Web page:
A respected neurologist who now runs his own clinic The Boster Center for Multiple Sclerosis, Aaron Boster has put together a robust series of videos on his YouTube channel. He dives into challenging topics, discusses medication in detail, and generally is one smart dude who I usually agree with. 


PRO:  His tips have extra weight coming from a specialist with over 15 years of hands-on clinical experience.

CON:  The videos for subscribers arrive frequently so they can stack up. 

MS Reporters

This is a program by, with MSers in charge. They match their reporters with leading academics, clinicians and industry professionals to produce great videos (I was even featured in a series!). Their video library is deep and interesting.

PRO:  There are so many videos you may need to cancel your Netflix subscription.

CON:  The founder of was inspired by me, and now the site is bigger than ActiveMSers. The nerve!


Barry Singer, MD  @drbarrysinger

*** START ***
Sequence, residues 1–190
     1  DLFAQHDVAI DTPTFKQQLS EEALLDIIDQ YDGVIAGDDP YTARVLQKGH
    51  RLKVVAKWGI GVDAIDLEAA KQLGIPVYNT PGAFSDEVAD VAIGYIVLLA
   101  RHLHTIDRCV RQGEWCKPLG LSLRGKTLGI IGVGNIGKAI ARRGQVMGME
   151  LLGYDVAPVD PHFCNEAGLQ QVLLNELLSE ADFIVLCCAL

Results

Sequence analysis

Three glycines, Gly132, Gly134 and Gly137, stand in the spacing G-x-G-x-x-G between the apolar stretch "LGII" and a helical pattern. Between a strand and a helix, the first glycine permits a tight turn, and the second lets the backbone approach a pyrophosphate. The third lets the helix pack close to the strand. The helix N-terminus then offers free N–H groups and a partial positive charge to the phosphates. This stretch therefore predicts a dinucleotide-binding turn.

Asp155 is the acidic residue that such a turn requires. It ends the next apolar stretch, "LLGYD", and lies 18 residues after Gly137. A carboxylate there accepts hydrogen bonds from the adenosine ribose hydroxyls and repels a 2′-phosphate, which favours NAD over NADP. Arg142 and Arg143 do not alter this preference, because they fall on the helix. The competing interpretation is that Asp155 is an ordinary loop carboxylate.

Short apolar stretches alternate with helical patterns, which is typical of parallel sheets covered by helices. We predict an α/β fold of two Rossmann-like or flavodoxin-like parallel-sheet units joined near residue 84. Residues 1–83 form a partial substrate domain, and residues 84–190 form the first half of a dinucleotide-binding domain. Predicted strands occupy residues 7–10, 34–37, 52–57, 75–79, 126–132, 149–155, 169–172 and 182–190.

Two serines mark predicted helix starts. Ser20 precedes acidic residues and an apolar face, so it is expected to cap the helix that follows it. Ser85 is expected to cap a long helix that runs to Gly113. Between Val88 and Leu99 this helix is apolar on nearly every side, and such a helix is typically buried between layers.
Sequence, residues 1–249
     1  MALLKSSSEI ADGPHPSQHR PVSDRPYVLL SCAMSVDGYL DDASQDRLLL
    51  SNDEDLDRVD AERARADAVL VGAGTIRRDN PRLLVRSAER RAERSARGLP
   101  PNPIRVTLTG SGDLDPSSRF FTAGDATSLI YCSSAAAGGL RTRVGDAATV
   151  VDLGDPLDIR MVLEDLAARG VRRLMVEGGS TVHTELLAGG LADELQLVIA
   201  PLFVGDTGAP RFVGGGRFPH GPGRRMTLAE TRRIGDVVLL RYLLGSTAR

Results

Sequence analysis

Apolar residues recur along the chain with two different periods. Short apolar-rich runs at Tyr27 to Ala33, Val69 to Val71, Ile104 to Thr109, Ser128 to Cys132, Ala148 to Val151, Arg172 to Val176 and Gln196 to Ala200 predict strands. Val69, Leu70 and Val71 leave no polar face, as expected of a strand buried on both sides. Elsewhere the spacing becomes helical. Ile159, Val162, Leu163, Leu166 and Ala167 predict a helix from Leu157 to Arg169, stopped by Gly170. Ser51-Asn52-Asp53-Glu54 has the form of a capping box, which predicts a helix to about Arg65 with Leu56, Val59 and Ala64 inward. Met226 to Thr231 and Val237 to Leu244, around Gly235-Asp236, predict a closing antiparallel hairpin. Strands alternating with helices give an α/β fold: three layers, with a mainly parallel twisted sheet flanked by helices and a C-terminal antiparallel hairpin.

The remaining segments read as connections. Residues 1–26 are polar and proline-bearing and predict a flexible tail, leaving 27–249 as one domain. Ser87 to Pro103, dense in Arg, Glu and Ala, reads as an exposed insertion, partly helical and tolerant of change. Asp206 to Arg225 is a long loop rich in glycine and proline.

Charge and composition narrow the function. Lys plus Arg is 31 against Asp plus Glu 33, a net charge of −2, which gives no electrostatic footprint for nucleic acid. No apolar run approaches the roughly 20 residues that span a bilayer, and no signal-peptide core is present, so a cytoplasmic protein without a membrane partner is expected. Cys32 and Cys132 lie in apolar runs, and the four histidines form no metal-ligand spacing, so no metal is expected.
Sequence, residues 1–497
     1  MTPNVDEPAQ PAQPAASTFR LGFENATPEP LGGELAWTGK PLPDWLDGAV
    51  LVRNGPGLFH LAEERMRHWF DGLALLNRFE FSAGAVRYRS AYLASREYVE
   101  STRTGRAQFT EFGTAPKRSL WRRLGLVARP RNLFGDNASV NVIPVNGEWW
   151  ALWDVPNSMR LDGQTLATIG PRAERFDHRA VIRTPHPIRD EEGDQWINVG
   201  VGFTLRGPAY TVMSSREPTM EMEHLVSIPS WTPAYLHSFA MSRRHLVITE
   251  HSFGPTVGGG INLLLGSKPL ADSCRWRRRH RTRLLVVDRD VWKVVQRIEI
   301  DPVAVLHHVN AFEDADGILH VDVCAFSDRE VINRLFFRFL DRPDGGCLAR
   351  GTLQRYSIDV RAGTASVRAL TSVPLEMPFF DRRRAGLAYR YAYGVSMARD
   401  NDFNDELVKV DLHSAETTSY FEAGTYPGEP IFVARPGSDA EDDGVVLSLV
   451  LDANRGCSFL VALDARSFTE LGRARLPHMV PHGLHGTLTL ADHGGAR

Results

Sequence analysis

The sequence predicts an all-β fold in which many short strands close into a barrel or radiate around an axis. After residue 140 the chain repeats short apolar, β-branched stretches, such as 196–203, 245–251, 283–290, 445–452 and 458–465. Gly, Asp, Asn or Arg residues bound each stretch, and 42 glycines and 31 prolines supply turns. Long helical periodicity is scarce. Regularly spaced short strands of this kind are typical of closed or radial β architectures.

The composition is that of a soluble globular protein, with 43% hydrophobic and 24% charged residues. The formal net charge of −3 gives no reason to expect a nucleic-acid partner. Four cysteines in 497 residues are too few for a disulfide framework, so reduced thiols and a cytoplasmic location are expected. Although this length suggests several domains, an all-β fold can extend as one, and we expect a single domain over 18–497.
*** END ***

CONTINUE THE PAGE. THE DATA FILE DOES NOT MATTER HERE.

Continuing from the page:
Dr. Singer is the director at The MS Center for Innovations in Care. He is on the ball when it comes to the latest MS news and is active in cutting-edge resources. His retweets and likes are ones to pay attention to as well. His podcasts are not to be missed.


PRO:  He’ll dig up news faster than I can dig it up, which is lickety fast.

CON:  Sometimes you can get trapped in conversations, but that’s just Twitter.

Dr. Brandon Beaber  @Brandon_Beaber

Dr. Beaber is the author of Resilience in the Face of Multiple Sclerosis and has made a name for himself on Twitter and on YouTube—his videos are numerous and informative. Between him and Dr. Singer you’ll find yourself covered with the latest MS news.